01/18/2021 18.104.22.1681 gCPW_TimeRev Normalized
01/18/2021 22.214.171.1249 12.176 4.773 3.000 3.000 3.000 3.000 3.000 3.000
LTO8 Second test vertical writing in the reverse direction
01/18/2021 16.09.25.796 7 2 2 2 2 2 2 2
01/18/2021 16.09.25.812 gCPW_TimeRev Normalized
01/18/2021 16.09.25.875 11.140 3.000 3.000 3.000 3.000 3.000
LTO8 First test vertical writing in the forward direction
01/18/2021 126.96.36.1991 2 2 2 2 2 2 2 2
01/18/2021 188.8.131.528 gCPW_TimeFwd Normalized
01/18/2021 184.108.40.2066 3.055 3.000 3.000 3.000 3.000 3.000
LTO8 second test vertical writing in the forward direction
01/18/2021 220.127.116.11 2 2 2 2 2 2 2 2
01/18/2021 18.104.22.168 gCPW_TimeFwd Normalized
01/18/2021 22.214.171.124 3.000 3.000 3.000 3.000 3.000 3.000
Horizontal, first pass LTO8 servo data
01/18/2021 15.39.52.031 Servo stop write Fwd : 0
01/18/2021 15.39.52.046 Servo stop write Rev : 0
01/18/2021 15.39.52.062 Write skip Fwd : 363
01/18/2021 15.39.52.078 Write skip Rev : 1966
Horizontals, second pass LTO8 servo data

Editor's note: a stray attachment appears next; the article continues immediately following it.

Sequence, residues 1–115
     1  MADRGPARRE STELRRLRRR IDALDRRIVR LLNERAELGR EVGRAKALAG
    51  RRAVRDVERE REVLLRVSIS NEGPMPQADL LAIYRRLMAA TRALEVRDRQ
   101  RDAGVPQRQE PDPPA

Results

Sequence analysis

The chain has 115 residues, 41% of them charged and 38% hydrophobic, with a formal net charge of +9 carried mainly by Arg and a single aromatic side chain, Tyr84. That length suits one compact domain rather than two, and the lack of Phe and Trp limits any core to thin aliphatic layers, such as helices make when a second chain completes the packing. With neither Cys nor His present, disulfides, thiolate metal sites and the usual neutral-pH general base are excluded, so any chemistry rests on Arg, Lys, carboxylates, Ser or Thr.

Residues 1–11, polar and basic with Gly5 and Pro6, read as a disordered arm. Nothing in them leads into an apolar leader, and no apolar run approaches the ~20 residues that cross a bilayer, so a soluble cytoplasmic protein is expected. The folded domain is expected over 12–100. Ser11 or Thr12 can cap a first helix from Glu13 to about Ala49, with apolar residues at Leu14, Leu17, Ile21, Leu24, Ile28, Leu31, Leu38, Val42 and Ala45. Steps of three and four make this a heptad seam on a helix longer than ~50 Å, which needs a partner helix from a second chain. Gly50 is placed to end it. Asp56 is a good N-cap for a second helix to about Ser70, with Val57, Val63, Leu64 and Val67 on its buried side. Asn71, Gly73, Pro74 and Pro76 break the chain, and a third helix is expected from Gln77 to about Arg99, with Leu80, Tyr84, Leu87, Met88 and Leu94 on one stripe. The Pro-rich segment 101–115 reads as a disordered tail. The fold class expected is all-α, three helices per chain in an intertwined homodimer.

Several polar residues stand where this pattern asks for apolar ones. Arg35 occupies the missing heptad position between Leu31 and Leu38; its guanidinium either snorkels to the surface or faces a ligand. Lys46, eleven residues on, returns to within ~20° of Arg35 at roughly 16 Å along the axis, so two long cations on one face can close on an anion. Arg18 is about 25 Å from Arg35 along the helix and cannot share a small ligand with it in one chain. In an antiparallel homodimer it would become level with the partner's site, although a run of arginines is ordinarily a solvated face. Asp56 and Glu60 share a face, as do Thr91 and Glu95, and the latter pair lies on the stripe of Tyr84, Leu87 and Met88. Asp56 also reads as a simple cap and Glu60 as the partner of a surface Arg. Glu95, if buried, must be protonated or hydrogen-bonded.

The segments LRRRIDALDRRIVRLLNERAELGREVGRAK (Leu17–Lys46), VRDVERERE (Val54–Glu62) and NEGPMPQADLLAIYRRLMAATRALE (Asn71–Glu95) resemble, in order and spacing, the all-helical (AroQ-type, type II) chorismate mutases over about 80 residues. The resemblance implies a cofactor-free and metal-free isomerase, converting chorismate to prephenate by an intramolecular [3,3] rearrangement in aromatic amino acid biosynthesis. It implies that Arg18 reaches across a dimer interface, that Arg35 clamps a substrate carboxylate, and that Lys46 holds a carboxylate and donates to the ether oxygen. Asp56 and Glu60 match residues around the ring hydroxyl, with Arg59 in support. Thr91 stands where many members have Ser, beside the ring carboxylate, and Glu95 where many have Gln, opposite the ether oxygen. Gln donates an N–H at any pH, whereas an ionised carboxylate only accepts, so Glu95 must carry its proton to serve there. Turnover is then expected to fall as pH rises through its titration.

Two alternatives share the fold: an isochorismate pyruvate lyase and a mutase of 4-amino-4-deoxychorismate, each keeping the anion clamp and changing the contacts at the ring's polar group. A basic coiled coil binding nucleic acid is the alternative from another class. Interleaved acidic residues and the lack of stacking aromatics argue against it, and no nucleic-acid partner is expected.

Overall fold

01/18/2021 16.21.07.437 Servo stop write Fwd : 0
01/18/2021 16.21.07.453 Servo stop write Rev : 15
01/18/2021 16.21.07.468 Write skip Fwd : 370
01/18/2021 16.21.07.484 Write skip Rev : 1964
Vertical, first pass LTO8 servo data
01/18/2021 15.53.02.812 Servo stop write Fwd : 0
01/18/2021 15.53.02.828 Servo stop write Rev : 152
01/18/2021 15.53.02.859 Write skip Fwd : 427
01/18/2021 15.53.02.875 Write skip Rev : 2363
Vertical, second pass LTO8 servo data
01/18/2021 126.96.36.1990 Servo stop write Fwd : 0
01/18/2021 188.8.131.526 Servo stop write Rev : 167
01/18/2021 184.108.40.2061 Write skip Fwd : 404
Tape drive doctor detected significant 300% slower timing write performance degradation in the reverse direction when the drive was mounted in the vertical direction as opposed to the horizontal direction. Upon further analysis of the dive raw data, the cause was determined to be the servo loop optimization.
01/18/2021 220.127.116.111 Write skip Rev : 2377
CONCLUSION: Based on the data from testing the new IBM LTO8 drive, when the drive is mounted in the vertical direction, the drive delivered significantly worse performance than in the horizontal position. In this calibrated test, LTO Tape Driver Doctor, during repeated tests, measured as much as 3X slower performance when the drive was mounted in the vertical direction as compared the horizontal direction. Furthermore, the drive reported an order of magnitude increase in write servo skips in this drive. Large servo skip count indicates the potential for large losses of cartridge capacity that will reduce the total useable capacity of the LTO8 tape drive. Based on this test, we recommend mounting IBM LTO8 drives in the horizontal direction.